The Dungeonmaster (1984) The Dungeonmaster / Digital Knights / Ragewar: The Challenges of Excalibrate (1984) -**½

     The Dungeonmaster probably isn’t going to convince anybody who wasn’t already a fan to give the works of Charles Band’s old Empire Pictures studio a try. That’s rather unfortunate, because I can imagine no reason for its existence except to serve as an Empire Pictures sampler platter. Although not technically an anthology, The Dungeonmaster is constructed as a succession of seven (!) virtually self-contained episodes, each written and directed by a different Empire luminary (Band himself, John Carl Buechler, Ted Nicolaou, etc.) in one of several styles characteristic of the firm. The trouble is, the domestic home video cut of The Dungeonmaster runs just 73 minutes (the British theatrical release, entitled Ragewar, used a substantially different edit, probably clocking in at some other figure), and six of those minutes are consumed by just about the slowest-crawling closing credits you’ll ever see. There’s barely enough time for the individual segments to establish an intelligible point, let alone tell any sort of separate story, and the frame narrative holding them all together is as stupid and nonsensical as anything to which Band ever signed his name— and lest we forget, this is the producer who gave us Fairy Tales!

     Paul Bradford (Jeffrey Byron, from Metalstorm: The Destruction of Jared-Syn and The Seniors) is a computer engineer, designer of the extraordinary new X-CALBR-8 system. Imagine a consumer version of the HAL 9000, but without all the murder, and you’ve got the general idea. Bradford is really into this machine of his, so much so that he’s apparently had some kind of gizmo installed in his body allowing his central nervous system to network with it directly— but don’t expect to learn any of the hows or whys of that, because the subject never comes up again after being mentioned briefly in conversation between Paul and one of his coworkers. Cyberpunk transhumanism notwithstanding, Bradford certainly is heavily dependent upon X-CALBR-8 (or as he affectionately calls it, Cal). Interfacing with it via a heads-up display in his glasses, he uses the computer to access his bank account, to track his daily exercise regimen, and to call up at a moment’s notice whatever information he finds himself needing about anything. Paul’s girlfriend, Gwen Rogers (Leslie Wing, of Strangeland and The Frighteners), thinks it’s weird and creepy, and maybe even a deal-breaker for the long-term viability of their relationship. Consequently, Paul doesn’t exactly bolster the case for his marriage proposal tonight by saying that Cal’s analysis of their personality profiles indicates an ideal match. He and Gwen may still go to bed together after that, but Gwen definitely goes to bed mad. Luckily for them, however, they’re about to get a couples’ counseling intervention from Satan.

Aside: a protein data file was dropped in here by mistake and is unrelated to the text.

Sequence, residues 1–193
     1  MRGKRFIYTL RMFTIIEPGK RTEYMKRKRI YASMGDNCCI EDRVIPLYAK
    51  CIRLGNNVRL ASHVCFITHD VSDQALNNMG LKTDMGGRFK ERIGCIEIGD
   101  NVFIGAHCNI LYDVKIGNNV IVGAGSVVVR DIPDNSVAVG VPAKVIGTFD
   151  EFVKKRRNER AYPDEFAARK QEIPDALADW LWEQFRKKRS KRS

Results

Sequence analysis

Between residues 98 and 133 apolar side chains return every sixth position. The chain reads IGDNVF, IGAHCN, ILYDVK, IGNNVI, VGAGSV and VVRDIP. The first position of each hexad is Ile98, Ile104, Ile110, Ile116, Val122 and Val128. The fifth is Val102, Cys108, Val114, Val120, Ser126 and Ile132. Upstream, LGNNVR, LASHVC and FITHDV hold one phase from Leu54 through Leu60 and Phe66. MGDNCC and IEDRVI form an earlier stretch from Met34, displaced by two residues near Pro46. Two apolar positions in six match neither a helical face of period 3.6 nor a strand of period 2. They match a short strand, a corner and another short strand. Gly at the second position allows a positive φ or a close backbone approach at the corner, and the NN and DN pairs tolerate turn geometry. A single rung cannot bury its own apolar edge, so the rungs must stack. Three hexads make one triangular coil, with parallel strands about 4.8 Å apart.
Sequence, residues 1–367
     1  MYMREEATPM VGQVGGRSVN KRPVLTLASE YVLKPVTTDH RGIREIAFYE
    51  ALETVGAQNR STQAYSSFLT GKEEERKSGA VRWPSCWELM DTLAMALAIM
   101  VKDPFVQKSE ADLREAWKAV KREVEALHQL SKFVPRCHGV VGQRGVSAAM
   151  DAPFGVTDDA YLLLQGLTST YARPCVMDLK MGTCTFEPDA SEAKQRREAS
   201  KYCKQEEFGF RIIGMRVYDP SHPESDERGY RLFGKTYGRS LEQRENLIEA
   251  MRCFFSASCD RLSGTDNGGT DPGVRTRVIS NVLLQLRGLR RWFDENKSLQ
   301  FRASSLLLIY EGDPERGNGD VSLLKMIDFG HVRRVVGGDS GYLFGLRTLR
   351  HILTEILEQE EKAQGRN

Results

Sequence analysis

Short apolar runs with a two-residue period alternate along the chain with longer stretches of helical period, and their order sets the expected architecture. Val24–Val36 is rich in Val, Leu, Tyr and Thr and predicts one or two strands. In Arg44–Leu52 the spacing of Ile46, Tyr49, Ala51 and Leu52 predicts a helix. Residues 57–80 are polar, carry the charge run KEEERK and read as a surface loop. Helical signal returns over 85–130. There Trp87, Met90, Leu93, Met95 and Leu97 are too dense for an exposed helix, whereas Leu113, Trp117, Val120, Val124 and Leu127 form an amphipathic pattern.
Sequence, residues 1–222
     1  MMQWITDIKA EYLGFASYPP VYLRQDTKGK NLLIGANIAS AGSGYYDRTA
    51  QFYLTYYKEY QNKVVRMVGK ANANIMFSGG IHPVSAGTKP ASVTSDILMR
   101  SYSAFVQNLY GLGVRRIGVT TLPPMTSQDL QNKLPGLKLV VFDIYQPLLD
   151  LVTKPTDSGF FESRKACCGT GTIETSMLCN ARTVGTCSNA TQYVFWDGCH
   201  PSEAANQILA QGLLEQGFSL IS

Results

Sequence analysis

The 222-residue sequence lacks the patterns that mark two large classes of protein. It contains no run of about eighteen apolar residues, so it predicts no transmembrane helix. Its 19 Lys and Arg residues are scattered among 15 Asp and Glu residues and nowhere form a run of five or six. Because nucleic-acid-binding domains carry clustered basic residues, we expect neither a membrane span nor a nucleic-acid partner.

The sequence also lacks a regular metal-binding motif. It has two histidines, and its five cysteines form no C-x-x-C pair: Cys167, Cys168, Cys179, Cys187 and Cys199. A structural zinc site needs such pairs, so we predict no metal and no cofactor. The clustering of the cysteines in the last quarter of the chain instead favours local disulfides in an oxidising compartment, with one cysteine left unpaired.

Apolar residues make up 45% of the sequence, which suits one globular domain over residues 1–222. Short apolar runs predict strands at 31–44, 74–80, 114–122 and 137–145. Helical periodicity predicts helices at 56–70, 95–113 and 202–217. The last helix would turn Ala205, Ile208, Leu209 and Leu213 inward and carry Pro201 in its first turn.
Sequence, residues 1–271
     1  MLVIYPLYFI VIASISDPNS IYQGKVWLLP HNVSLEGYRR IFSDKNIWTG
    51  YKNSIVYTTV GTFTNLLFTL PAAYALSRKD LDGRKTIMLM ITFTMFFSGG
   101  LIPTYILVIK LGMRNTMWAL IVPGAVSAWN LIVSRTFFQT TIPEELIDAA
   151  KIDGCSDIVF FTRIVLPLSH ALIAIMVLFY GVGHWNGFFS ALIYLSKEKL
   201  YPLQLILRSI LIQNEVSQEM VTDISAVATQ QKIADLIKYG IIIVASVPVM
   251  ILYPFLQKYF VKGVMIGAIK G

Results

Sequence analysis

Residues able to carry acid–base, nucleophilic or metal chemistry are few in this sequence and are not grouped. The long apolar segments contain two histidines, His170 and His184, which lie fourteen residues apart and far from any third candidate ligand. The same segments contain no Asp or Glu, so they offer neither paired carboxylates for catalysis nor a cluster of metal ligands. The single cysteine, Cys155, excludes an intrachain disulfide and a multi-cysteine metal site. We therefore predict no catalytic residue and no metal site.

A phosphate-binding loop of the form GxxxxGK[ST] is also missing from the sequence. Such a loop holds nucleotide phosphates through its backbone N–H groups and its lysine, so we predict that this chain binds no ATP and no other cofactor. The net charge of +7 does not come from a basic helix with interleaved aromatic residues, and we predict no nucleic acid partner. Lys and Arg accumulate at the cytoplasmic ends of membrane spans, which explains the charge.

Wait— what?!?! No, it’s true! Satan comes to Gwen in a dream, in the guise of the deathless wizard Mestema (Richard Moll, from Galaxis and The Sword and the Sorcerer), and abducts her into a parallel dimension. Then he abducts Paul, too. You see, immortality can get boring, and it’s been many a millennium since Mestema has enjoyed a good fight. This new magic of Bradford’s— that is to say, X-CALBR-8— seems like just the sort of challenge to liven up the Devil’s day. With that in mind, Mestema has devised seven contests to pit his sorcery against Bradford’s, with both Paul’s soul and Gwen’s as the stakes. Dubbing Bradford “Excalibrate” (get it?), Mestema tricks him out in a sort of futuristic brigandine, a bit like Robin Hood by way of Tron. And because even Satan knows it’s uncouth to hit a man wearing glasses, he switches Paul’s X-CALBR-8 interface from Google Glass to Nintendo Power Glove— which is kind of interesting, since even the less advanced of those contraptions didn’t exist yet when The Dungeonmaster was made. Anyway, let the games begin:

1. Paul is transported to a desert canyon, where he must use Cal’s laser mode to battle a stone colossus (animated by segment director Dave Allen) with only one vulnerable spot. It is perhaps indicative of Mestema’s concept of fair play that this challenge begins with the X-CALBR-8 gauntlet being stolen by a pair of stone-age dwarves (Phil Fondacaro, from Hard Rock Zombies and Land of the Dead, and his brother, Sal, whom you definitely won’t recognize inside the full-body creature suits he wore for Return of the Jedi and Invaders from Mars).

2. Paul must disbelieve his way out of the subterranean realm of a demon called Ratspit, who first summons zombie goons to manhandle Bradford, then tries to psych him out by conjuring up Paul’s undead doppelganger from a possible future in which Mestema triumphs.

3. Together with Gwen this time, Paul has to escape from hot-and-cold-running caverns inhabited by living wax dummies of every monster ever played by Paul Naschy (plus Albert Einstein and a samurai).

4. Paul must rescue Gwen from becoming the climactic human sacrifice at a concert by hair-metal cheezoids WASP (no, really).

5. Bradford faces yet a third fight in a cave, this time against a gargoyle who tosses explosive crystals at him from the safety of an alcove that Cal’s lasers can’t directly reach.

6. Paul has to rescue Gwen again, now from a serial killer (Danny Dick) who preys on models, dancers, actresses, and such. He has only an hour to do it, though, in the face of constant interference from two cops (Eddie Zammit and— get this— Mack Ademia) who mistake him for the slasher.